- Bionic, a Palo Alto, Calif.-based application monitoring company, raised $17 million in funding. Investors include Battery Ventures and Cyberstarts.

- IRALOGIX, a Pittsburgh, Penn.-based provider of software for IRA accounts, raised $7.5 million in Series B funding. Great North Labs led the round and was joined by investors including Trog Hawley Capital, Riverfront Ventures, and Circadian Ventures

- Dreamdata, a Danish company sales and marketing platform using data and algorithms, raised $4.4 million in funding. InReach Ventures and Crowberry Capital led the round and were joined by Seedcamp,, and Preseed Ventures

- PLNAR, an Austin-based company using A.I. and V.R. in home insurance and inspections, raised $3.5 million in Series A funding. Investors included Dallas Venture Capital.

- Cledara, a London-based purchase and management platform, raised $3.4 million in funding. Nauta Capital led the round and was joined by Anthemis.

- IntellectoKids, a London-based maker of educational apps for children, raised $3 million in Series A funding. Allrise Capital led the round and was joined by investors including Genesis Investments. Read more.

- Homebuyer, a Cincinnati, Oh.-based maker of  software for digital mortgages to first-time home buyers, raised $1.4 million in seed funding. Investors included BetterLife Group, Techstars, and Saturn Five.


- Vista Equity Partners agreed to acquire Pluralsight, (NASDAQ: PS) a Silicon Slopes, Ut.-based maker of IT education for workforces, for about $3.5 billion.

- A group of investors including Blackrock, Mubadala Investment, and Goldman Sachs Group plan to take Calisen, a U.K.-based smart metering company, private in a deal valuing it at about 1.43 billion pounds ($1.9 billion).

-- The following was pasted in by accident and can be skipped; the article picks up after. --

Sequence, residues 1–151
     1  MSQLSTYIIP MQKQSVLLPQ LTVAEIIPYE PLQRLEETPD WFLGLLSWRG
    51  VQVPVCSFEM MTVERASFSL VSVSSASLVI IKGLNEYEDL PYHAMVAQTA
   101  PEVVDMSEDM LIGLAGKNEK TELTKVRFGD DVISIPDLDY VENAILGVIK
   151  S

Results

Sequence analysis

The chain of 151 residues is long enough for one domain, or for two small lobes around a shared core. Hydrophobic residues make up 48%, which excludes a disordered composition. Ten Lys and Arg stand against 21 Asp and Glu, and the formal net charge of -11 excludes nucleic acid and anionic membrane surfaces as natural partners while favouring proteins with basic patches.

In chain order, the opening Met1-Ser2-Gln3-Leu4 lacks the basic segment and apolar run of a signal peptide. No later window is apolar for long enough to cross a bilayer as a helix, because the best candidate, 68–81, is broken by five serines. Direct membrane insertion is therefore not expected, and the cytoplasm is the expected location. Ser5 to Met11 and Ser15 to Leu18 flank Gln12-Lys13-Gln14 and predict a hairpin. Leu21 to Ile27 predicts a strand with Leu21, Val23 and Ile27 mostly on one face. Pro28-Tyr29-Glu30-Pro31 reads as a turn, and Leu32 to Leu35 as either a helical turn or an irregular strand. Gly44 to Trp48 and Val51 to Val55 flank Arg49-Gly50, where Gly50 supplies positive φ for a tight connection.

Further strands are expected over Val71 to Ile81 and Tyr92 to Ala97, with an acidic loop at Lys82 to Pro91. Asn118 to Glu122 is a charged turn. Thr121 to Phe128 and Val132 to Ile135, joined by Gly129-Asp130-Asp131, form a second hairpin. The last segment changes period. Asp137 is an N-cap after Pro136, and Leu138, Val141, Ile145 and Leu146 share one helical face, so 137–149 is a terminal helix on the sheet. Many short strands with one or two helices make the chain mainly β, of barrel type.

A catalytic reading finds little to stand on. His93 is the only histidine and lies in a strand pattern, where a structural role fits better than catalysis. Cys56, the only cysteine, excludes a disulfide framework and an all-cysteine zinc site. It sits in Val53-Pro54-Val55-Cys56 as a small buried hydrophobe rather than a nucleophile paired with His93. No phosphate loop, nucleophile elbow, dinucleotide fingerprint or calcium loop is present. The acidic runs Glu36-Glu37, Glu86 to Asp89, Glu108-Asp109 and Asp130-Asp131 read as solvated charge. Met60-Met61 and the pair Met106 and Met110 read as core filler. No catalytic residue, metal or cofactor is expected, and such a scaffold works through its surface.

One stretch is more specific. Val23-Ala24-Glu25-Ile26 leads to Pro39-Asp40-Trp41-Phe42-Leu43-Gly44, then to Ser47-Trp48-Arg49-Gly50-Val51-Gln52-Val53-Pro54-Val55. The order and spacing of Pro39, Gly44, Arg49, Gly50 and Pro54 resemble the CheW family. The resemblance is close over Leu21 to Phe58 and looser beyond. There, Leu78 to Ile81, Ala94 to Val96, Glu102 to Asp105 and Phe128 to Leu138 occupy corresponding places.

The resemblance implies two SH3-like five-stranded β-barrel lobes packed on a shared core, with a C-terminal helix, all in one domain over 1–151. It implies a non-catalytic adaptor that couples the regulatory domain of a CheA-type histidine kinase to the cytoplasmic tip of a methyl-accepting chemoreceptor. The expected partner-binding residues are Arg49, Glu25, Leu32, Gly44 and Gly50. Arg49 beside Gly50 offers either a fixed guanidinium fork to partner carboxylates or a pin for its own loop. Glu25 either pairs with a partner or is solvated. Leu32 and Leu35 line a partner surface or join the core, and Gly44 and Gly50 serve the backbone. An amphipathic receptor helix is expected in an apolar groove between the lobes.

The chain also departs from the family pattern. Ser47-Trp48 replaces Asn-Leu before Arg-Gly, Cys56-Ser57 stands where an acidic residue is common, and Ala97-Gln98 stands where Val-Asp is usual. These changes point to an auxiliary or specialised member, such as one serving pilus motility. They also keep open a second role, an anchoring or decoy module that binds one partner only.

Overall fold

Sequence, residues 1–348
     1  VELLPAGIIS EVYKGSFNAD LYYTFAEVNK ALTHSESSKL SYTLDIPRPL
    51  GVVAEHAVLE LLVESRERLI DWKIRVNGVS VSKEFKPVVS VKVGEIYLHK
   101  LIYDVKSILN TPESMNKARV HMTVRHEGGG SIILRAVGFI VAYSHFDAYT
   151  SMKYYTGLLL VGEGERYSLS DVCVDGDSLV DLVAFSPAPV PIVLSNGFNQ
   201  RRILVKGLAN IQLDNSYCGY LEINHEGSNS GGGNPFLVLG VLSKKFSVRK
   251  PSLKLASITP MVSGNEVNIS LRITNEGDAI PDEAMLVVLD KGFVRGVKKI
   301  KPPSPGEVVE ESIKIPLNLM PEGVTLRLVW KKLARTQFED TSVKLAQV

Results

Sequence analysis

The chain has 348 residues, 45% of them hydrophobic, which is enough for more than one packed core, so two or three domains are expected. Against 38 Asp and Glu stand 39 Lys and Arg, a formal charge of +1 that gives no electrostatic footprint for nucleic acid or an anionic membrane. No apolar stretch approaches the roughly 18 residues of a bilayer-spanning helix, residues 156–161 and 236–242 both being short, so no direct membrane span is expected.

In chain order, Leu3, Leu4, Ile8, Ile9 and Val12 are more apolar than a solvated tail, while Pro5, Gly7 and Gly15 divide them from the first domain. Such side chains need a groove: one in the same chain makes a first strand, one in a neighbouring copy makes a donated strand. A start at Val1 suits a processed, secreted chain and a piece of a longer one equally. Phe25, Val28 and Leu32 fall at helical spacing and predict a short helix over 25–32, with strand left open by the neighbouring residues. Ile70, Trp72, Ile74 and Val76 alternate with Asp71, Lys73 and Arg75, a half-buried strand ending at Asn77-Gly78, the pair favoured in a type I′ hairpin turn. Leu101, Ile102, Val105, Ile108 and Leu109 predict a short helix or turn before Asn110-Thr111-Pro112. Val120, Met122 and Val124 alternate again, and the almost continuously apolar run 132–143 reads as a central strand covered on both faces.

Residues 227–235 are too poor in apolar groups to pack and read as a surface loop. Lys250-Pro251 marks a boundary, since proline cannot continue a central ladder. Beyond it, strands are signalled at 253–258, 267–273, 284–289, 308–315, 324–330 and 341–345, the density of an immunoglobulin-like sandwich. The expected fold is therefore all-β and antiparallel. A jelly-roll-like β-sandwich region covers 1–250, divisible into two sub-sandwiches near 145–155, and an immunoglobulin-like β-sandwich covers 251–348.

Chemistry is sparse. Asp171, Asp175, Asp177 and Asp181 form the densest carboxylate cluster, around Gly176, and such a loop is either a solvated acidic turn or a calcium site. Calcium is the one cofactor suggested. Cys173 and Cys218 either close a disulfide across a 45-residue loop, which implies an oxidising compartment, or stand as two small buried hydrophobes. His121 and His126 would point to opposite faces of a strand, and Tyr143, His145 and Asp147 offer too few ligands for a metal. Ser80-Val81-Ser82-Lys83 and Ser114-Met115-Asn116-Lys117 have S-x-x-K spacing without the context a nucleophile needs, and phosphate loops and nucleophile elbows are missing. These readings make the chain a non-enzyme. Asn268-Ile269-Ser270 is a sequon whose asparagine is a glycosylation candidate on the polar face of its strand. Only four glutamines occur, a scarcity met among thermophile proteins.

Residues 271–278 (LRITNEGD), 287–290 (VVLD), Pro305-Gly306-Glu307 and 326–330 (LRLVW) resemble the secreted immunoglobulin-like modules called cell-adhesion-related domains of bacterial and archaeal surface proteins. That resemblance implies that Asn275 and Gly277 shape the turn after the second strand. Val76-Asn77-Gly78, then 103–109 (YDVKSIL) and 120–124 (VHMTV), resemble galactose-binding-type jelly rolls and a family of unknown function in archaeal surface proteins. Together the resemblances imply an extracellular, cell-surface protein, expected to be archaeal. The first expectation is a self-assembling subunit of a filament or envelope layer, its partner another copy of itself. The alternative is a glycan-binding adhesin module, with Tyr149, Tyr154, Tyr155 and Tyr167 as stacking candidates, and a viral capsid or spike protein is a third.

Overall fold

- Apollo Global Management agreed to refinance  Alorica, an Irvine, Calif.-based customer service company. Apollo invested $750 million via equity and debt. 

- NEOGOV, backed by Warburg Pincus, acquired PowerDMS, an Orlando, Fla.-based provider of cloud-based compliance software. Financial terms weren't disclosed.


- The German government agreed to acquire a 25.1% stake in Hensoldt (ETR: HAG), a German defense supplier, from KKR for 464 million euros ($562 million), per Reuters. Read more.

- Carlyle Group is weighing a potential spinoff for the industrial arm of  Nouryon, an Amsterdam-based specialty chemicals firm. A deal could value the arm at $3 billion or more, per Bloomberg. Read more.

- Liberty Hall Capital Partners acquired Comply365, a Beloit, Wis.-based provider of operational content and compliance management for aerospace and rail industries, from Luminate Capital Partners. Financial terms weren't disclosed.


- AstraZeneca (LON: AZN) agreed to acquire Alexion Pharmaceuticals (Nasdaq: ALXN), a U.S.-based maker of rare drugs, for $39 billion.

- Huntington Bancshares (Nasdaq: HBAN) and TCF Financial (Nasdaq: TCF), two U.S.-based regional banks headquartered out of Ohio and Michigan respectively, agreed to merge in an all-stock deal valuing the duo at $22 billion.

- Electronic Arts (NASDAQ: EA) will acquire Codemasters, the U.K.-based game developer and publisher, valuing the latter at about $1.2 billion.

- MSP Sports Capital agreed to take a significant minority stake in McLaren Racing, a U.K.-based Formula One team, in a deal valuing the latter around $750.5 million. Read more.

- Roblox, agreed to, a company specializing in real-time facial animation technology for 3D avatars. Financial terms weren't disclosed.

- State Street, the New York-based investment services firm, is exploring a potential merger of its asset management business with that of a rival’s, per Bloomberg. Read more.


- Senior Connect Acquisition I, formed by the founder of UnitedHealth Richard Burke, raised $360 million.

- Motive Capital, formed by Motive Partners, raised $360 million.

- Gores Holdings VI, formed by The Gores Group, raised $300 million.


- Benchmark named Miles Grimshaw as its newest and fifth general partner.Grimshaw was previously at Thrive Capital.

- Oak HC/FT promoted Andy Smith to vice president.